Why it stands out: First-time filers are generally younger and presumably cost-conscious. H&R Block is cheaper than TurboTax, but still provides more than enough hand holding for a novice. It also uses a question-and-answer format to guide you to the right online filing product and make sure you get every deduction or credit you qualify for.
H&R Block also has affordable options for those who would rather outsource the work to a tax professional through Tax Pro Go. Filing fees range from $49 for simple, W-2 earners to $249 for business owners (plus $39 state filing fees) — and you don’t ever have to step foot in an office.
- Deluxe online filing — $50 federal return fee; $45 additional state return fee*
- Premium online filing — $70 federal return fee; $45 additional state return fee*
- Self-employed online filing — $105 federal return fee; $45 additional state return fee*
*Prices are rounded to the nearest dollar.
For an additional cost, you can get on-demand and unlimited help from an expert with H&R Block’s Online Assist service, which includes screen-share capabilities and instant chat. There’s also downloadable software if you want to work through your taxes on a desktop. It’s cheaper than TurboTax, but again, just filing online is suitable in most cases.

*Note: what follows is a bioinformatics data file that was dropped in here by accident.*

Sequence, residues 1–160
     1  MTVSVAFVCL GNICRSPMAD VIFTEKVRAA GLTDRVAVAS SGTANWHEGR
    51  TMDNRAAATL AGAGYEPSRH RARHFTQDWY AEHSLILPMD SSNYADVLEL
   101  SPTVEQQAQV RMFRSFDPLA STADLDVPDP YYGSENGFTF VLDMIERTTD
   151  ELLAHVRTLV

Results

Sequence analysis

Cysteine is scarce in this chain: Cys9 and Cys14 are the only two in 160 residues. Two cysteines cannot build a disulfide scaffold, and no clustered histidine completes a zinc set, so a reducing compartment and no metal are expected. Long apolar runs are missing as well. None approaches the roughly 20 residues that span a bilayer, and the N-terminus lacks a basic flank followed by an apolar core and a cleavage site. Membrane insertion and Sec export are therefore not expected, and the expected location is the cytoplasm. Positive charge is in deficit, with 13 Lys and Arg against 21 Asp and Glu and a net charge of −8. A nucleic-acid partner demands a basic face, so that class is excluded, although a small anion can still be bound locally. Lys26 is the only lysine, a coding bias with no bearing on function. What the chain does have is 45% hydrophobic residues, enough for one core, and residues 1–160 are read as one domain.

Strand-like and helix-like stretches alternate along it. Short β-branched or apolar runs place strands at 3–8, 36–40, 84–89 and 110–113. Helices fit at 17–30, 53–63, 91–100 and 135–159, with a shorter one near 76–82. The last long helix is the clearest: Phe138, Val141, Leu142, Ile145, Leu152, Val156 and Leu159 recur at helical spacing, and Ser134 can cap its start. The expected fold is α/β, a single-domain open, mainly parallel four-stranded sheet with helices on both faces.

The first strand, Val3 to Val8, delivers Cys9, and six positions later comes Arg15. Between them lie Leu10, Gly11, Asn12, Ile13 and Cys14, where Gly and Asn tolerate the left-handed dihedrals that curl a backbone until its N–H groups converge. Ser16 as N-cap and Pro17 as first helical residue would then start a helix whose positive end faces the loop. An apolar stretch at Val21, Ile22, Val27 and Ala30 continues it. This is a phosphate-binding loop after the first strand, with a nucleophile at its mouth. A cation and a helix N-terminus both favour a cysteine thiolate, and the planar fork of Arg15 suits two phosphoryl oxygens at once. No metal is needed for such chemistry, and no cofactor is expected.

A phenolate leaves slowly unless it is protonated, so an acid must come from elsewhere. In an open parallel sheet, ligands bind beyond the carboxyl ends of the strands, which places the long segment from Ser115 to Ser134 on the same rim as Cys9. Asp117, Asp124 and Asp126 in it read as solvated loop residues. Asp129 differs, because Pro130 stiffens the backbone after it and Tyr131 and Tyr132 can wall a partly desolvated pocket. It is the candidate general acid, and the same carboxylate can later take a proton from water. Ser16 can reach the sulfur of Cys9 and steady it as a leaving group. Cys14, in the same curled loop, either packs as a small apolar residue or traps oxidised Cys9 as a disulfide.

What to look out for: It may sound easy to pay your filing fee directly out of your refund, but H&R Block will charge an extra $40 processing fee.
Why it stands out: If you’ve filed many times over and feel confident navigating tax jargon, TaxAct is a good middle-of-the-road option: It’s cheaper than the industry stalwarts and still gets the job done.
Each of its online filing options is a good bet, but independent contractors may find extra value with the self-employed option, which spends extra time identifying industry-specific deductions, whether you’re a freelance writer, business consultant, teacher, or musician.
Filers can also import previous years’ returns from another preparer to speed up the data-entry process. If questions arise along the way, TaxAct experts are available via email, chat, or phone.
- Free online filing — $0 federal return fee; $0 additional state return fee*
- Deluxe online filing — $55 federal return fee; $45 additional state return fee*
- Premier online filing — $80 federal return fee; $45 additional state return fee*
- Self-employed online filing — $110 federal return fee; $50 additional state return fee*
*Prices are rounded to the nearest dollar. All options are available to active duty military at no cost.
TaxAct also has downloadable software, but it’s pricier than its online counterpart.
What to look out for: You won’t get the moment-to-moment guidance and technical breakdowns that TaxAct’s higher-end competitors are known for. If you need to file a return for estate or trust income, you’ll need to buy a separate package for about $110, plus an additional $50 state return fee.
Other tax services we considered and why they didn’t make the cut
- Credit Karma: Credit Karma offers a generally good online tax service, in large part because it’s completely free regardless of income level. What it doesn’t cover, however, could be a deal breaker for some people, including disallowing returns for people who earned income in a state they don’t reside in.
- Liberty Tax: eSmart tax by Liberty Tax offers three separate paid products at generally affordable prices, but none of them stand out against competitors.